“The worldwide worry over coronavirus creates a glimmer of good news for at least one segment of the U.S. population: the top 0.1 percent.”
A down market gives super-wealthy people the ability to use sophisticated strategies to help pass along billions of dollars to heirs, tax free, reports Accounting Today in the article “Heirs of ultra-wealthy can profit even when markets plunge.” Plunging interest rates and lower stock prices make it even easier to protect those mega-fortunes from the IRS. This also presents an opportunity to take a longer-term view of market volatility, because their beneficiaries are future generations, including family members who haven’t even been born yet.
Smart individuals, the ultra-wealthy or regular people, understand that this volatility could go on for several months. However, they are invested for a long-term market. However, the richer you are, the more you can insulate yourself from both the corona virus and its effects on the economy. The wealthy investor can use this opportunity to buy stocks at a low point, for instance, buying up stock from companies in travel-related industries.
The IRS levies a 40% estate and gift tax on the biggest fortunes, exempting transfers of $11.58 million for individuals and more than $23.16 million for married couples. Families with more wealth than that often use a Grantor Retained Annuity Trust, or GRAT, to pass money to their children and grandchildren.
Here’s how it works. Stock or other assets are placed in a GRAT, a transaction that is a loan. If the stock rises in value, the proceeds go to the beneficiaries, tax-free. If the stock drops, no harm—the shares go back to the donor. It’s a win-win for those who can use this tool, regardless of their amount of wealth.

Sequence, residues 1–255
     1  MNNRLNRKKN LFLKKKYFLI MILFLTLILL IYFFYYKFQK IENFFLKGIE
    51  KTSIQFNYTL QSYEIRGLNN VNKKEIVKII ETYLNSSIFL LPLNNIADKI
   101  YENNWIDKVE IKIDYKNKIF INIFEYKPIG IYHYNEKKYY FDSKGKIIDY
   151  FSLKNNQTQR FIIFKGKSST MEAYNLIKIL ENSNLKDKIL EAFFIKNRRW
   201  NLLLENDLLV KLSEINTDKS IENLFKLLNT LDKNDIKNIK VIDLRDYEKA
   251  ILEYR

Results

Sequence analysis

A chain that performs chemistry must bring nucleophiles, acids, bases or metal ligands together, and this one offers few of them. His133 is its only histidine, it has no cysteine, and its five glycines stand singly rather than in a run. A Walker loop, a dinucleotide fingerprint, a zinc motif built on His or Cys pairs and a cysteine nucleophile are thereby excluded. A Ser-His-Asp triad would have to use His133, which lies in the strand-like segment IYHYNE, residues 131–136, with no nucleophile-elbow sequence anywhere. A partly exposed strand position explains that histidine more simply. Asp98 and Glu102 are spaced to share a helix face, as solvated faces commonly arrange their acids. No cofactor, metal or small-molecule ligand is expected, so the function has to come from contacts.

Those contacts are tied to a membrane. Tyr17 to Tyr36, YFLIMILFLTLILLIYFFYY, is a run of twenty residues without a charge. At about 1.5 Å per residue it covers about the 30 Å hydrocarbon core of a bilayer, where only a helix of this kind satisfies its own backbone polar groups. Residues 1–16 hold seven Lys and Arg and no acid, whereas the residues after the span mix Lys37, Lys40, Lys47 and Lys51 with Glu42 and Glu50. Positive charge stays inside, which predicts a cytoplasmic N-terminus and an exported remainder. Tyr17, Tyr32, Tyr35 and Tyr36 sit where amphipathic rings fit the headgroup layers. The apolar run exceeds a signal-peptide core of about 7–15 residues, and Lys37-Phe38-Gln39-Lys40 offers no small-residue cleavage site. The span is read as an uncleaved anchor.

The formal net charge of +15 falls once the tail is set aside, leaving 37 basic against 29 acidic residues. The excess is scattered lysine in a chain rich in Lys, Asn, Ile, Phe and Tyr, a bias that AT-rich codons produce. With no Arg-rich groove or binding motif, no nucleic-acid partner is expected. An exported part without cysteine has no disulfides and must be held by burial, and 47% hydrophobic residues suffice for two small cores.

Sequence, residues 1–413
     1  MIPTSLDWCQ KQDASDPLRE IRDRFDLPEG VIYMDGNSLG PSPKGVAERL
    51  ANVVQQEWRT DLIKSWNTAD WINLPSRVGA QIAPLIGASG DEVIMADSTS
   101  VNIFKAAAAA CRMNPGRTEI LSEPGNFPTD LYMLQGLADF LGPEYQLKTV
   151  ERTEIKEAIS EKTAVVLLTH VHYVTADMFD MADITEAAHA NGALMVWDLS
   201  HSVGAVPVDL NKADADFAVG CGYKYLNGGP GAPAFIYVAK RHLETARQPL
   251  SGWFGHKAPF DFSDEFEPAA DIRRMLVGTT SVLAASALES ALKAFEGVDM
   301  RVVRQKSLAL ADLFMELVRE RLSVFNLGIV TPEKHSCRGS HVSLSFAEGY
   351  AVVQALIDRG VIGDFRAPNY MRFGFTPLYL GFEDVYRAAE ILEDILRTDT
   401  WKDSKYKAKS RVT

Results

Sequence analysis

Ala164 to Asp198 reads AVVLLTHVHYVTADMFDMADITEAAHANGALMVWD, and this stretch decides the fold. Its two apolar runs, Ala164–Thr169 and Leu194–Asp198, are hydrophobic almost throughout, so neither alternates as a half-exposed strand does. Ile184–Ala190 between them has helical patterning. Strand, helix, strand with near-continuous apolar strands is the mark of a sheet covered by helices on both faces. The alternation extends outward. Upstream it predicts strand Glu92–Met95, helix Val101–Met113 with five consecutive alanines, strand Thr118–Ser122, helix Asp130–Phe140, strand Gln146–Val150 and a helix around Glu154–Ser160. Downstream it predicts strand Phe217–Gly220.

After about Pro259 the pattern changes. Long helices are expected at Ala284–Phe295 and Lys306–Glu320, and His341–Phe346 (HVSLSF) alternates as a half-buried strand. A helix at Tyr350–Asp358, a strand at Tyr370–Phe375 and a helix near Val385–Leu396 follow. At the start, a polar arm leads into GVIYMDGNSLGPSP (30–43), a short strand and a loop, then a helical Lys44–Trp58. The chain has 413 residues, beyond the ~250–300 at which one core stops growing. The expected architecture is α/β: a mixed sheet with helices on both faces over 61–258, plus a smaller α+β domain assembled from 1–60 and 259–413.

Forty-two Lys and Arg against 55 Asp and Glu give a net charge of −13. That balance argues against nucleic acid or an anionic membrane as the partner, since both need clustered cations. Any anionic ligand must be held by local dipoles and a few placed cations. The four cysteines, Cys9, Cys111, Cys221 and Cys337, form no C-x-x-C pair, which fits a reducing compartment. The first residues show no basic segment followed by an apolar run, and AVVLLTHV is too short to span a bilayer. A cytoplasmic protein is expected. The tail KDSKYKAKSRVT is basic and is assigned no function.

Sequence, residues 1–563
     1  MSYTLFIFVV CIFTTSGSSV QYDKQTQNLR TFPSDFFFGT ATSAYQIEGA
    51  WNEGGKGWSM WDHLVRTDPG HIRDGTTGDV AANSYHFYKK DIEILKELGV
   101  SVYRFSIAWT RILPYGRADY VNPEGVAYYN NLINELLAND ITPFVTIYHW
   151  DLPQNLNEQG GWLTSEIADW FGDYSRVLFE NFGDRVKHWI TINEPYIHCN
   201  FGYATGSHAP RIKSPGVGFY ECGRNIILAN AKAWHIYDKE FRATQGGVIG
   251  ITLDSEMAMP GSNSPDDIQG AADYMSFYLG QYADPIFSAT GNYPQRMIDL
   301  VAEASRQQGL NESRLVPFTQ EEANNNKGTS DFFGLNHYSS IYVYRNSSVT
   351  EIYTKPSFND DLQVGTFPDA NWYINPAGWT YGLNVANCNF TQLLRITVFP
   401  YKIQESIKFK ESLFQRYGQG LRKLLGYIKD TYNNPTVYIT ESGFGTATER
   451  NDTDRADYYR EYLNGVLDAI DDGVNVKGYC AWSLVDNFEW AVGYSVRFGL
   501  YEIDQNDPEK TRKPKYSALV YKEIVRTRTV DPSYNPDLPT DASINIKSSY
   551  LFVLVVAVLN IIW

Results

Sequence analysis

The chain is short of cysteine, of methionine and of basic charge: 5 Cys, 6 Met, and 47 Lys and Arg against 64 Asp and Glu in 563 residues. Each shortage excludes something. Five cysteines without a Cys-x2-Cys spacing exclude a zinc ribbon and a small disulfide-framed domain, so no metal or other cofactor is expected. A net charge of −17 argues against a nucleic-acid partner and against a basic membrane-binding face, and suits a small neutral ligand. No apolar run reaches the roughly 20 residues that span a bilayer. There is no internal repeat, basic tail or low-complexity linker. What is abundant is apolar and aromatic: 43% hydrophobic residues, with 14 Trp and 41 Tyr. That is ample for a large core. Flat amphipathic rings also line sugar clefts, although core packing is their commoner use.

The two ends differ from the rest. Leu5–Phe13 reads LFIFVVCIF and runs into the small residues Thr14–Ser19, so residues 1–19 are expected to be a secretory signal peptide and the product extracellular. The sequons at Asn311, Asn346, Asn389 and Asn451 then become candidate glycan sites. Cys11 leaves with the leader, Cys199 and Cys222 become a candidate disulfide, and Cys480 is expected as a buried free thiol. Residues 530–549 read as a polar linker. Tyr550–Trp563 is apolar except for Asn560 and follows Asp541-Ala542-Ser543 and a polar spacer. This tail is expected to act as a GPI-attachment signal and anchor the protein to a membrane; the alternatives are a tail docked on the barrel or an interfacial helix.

One reason for the popularity of the GRAT is that when markets decline, there are more upsides to the assets in a GRAT. This is also the time when people who have old GRATs with losses, may want to give up on them. GRATs with even small initial losses are now unlikely to succeed. It’s better to start over with new GRATs.
Plunging interest rates are another reason for the new attention on GRATs. When taxpayers loan money to set up GRATs or other trusts, the IRS requires that the trusts pay interest back to the lender. The rates, which are set by a formula and published each month, are a hurdle that GRAT investments must clear for returns to flow to the beneficiary. The hurdle rate for a typical GRAT has fallen by half since the end of 2018 and to 1.8% this month. That’s not counting the impact of the Fed’s surprise rate cut. With Treasury yields hitting record lows, the April rate could drop to 1.2 percent, or even lower.
Similar IRS rules apply to loans within families, another popular strategy used to pass wealth while avoiding the estate tax. As the IRS-required rates drop, advisors say they are helping wealthy families refinance loans, so heirs and trusts are paying less back to their benefactors, usually parents or grandparents.
Reference: Accounting Today (March 6, 2020) “Heirs of ultra-wealthy can profit even when markets plunge”